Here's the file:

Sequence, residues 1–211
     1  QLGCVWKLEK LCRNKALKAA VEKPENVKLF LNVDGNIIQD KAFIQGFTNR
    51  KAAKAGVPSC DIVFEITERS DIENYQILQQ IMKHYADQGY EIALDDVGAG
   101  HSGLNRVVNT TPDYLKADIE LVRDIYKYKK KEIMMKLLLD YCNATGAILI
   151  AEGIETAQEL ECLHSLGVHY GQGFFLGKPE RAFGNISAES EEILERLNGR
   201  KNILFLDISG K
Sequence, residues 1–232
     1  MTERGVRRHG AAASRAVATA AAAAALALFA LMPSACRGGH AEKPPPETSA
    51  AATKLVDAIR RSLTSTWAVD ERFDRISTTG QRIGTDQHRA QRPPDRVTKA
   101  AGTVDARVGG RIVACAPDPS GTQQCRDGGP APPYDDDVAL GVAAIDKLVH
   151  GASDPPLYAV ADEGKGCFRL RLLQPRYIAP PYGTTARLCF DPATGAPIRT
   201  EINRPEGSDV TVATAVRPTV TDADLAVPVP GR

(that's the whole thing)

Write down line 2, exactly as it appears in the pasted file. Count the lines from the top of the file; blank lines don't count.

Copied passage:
     1  QLGCVWKLEK LCRNKALKAA VEKPENVKLF LNVDGNIIQD KAFIQGFTNR